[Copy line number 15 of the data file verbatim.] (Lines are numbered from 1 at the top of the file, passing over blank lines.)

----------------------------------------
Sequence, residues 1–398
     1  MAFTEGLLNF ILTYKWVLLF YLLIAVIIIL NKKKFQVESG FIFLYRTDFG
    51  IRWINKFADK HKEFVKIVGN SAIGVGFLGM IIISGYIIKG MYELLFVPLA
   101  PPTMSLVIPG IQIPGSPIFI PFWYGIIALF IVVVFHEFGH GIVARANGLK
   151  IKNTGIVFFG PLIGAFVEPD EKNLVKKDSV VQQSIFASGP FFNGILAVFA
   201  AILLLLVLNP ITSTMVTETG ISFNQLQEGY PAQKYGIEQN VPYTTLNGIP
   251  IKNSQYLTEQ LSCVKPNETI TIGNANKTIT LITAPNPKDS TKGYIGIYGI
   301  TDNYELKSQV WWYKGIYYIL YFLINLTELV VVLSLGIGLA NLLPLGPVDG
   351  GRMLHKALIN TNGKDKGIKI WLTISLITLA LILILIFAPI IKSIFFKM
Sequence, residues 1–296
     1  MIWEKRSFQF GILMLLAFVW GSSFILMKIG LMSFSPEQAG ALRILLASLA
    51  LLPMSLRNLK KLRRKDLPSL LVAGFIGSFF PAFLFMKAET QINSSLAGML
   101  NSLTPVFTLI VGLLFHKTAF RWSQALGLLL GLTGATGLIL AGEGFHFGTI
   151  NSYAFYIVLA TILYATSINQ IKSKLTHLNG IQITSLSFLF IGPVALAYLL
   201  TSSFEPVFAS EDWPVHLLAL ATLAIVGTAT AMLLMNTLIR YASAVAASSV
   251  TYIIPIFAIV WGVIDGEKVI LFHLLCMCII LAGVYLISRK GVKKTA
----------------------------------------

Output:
   201  TSSFEPVFAS EDWPVHLLAL ATLAIVGTAT AMLLMNTLIR YASAVAASSV